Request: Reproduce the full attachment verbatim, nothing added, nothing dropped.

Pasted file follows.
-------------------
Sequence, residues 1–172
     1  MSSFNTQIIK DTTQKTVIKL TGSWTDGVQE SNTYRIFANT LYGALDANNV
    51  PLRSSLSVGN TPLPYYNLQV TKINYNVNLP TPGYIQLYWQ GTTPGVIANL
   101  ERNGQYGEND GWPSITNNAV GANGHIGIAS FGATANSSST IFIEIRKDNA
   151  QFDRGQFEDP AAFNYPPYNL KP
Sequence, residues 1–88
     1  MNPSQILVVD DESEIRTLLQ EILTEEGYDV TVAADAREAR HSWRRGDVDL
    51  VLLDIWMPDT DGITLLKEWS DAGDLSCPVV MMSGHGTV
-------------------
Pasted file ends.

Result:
Sequence, residues 1–172
     1  MSSFNTQIIK DTTQKTVIKL TGSWTDGVQE SNTYRIFANT LYGALDANNV
    51  PLRSSLSVGN TPLPYYNLQV TKINYNVNLP TPGYIQLYWQ GTTPGVIANL
   101  ERNGQYGEND GWPSITNNAV GANGHIGIAS FGATANSSST IFIEIRKDNA
   151  QFDRGQFEDP AAFNYPPYNL KP
Sequence, residues 1–88
     1  MNPSQILVVD DESEIRTLLQ EILTEEGYDV TVAADAREAR HSWRRGDVDL
    51  VLLDIWMPDT DGITLLKEWS DAGDLSCPVV MMSGHGTV